Certain stony corals can alternate between a calcifying colonial form and noncalcifying solitary polyps, supporting the hypothesis that corals have survived through geologic timescale periods of unfavorable calcification conditions. However, the mechanisms enabling this biological plasticity are yet to be identified. Here we show that incubation of two coral species (Pocillopora damicornis and Oculina patagonica) under reduced pH conditions (pH 7.2) simulating past ocean acidification induce tissue-specific apoptosis that leads to the dissociation of polyps from coenosarcs. This in turn leads to the breakdown of the coenosarc and, as a consequence, to loss of coloniality. Our data show that apoptosis is initiated in the polyps and that once dissociation between polyp and coenosarc terminates, apoptosis subsides. After reexposure of the resulting solitary polyps to normal pH (pH 8.2), both coral species regenerated coenosarc tissues and resumed calcification. These results indicate that regulation of coloniality is under the control of the polyp, the basic modular unit of the colony. A mechanistic explanation for several key evolutionarily important phenomena that occurred throughout coral evolution is proposed, including mechanisms that permitted species to survive the third tier of mass extinctions.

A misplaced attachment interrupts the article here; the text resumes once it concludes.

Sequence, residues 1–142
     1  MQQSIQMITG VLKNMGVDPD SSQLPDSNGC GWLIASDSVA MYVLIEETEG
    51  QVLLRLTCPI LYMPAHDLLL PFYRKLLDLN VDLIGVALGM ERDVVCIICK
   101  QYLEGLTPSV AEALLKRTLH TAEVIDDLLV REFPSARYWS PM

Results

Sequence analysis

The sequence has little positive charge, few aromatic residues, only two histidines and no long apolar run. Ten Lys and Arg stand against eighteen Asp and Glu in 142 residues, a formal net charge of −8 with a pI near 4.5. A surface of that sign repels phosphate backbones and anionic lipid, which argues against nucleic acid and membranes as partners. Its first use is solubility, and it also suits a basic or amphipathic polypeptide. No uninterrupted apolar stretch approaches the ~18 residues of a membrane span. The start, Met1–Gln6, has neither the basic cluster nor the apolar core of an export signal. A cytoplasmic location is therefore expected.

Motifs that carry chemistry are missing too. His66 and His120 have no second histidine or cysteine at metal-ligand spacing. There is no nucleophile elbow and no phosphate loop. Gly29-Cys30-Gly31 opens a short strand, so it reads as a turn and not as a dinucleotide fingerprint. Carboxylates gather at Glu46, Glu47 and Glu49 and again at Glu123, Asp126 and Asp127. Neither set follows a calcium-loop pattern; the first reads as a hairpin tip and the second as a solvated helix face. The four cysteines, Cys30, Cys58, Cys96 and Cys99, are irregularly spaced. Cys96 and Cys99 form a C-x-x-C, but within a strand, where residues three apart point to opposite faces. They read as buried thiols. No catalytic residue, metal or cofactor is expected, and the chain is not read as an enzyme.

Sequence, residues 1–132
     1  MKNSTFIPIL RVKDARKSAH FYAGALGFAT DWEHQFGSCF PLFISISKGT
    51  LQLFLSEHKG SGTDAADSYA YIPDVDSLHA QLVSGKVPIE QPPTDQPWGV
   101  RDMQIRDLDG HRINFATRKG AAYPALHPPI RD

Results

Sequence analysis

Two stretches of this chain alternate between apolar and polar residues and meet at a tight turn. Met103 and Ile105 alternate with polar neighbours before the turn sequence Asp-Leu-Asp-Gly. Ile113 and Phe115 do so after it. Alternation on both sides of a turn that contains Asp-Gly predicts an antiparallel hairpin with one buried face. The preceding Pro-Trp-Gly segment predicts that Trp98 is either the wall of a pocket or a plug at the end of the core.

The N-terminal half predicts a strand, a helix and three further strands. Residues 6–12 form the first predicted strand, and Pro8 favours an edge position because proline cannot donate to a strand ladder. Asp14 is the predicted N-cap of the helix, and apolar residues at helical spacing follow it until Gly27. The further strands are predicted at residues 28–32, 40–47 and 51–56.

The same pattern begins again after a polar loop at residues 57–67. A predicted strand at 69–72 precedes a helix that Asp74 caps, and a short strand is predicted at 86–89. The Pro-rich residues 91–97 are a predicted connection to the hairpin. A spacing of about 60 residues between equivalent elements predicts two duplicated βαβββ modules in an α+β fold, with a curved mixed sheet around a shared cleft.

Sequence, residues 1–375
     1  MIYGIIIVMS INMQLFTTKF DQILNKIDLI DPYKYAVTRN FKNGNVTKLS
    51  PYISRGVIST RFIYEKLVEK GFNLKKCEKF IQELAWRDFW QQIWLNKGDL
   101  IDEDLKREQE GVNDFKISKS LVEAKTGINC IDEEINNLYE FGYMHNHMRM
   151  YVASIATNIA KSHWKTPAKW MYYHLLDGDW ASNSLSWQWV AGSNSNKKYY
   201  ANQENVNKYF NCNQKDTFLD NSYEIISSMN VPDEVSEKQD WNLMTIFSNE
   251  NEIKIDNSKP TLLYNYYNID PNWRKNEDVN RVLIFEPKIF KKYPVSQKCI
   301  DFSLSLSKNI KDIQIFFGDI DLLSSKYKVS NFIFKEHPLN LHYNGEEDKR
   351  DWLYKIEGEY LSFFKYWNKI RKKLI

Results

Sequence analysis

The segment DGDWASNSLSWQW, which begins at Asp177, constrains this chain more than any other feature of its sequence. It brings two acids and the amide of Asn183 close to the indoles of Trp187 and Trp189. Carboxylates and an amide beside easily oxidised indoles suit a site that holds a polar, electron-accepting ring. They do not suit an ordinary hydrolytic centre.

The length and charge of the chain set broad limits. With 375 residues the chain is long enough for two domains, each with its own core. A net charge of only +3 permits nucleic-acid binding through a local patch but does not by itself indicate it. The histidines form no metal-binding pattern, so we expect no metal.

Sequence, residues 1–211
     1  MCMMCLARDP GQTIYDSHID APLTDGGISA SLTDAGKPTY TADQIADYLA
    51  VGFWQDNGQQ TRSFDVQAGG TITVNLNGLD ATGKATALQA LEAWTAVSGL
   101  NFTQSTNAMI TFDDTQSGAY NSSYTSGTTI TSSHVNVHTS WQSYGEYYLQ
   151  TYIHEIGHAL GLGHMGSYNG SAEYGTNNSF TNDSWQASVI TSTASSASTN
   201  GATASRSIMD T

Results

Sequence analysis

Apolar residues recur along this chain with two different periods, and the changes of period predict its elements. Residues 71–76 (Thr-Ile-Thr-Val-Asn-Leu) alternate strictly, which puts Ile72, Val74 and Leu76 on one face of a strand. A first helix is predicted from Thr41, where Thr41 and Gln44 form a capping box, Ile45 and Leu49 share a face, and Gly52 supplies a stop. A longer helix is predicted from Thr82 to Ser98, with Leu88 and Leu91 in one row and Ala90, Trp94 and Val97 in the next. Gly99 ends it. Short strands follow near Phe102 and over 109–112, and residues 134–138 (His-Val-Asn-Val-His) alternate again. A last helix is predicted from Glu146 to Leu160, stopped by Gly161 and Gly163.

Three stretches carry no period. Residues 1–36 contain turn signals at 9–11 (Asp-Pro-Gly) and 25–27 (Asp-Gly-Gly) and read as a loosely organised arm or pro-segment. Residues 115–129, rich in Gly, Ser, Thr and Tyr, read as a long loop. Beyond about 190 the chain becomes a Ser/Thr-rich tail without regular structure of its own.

|Number of pages||5|
|Journal||Proceedings of the National Academy of Sciences of the United States of America|
|State||Published - 17 Feb 2015|
- Ocean acidification
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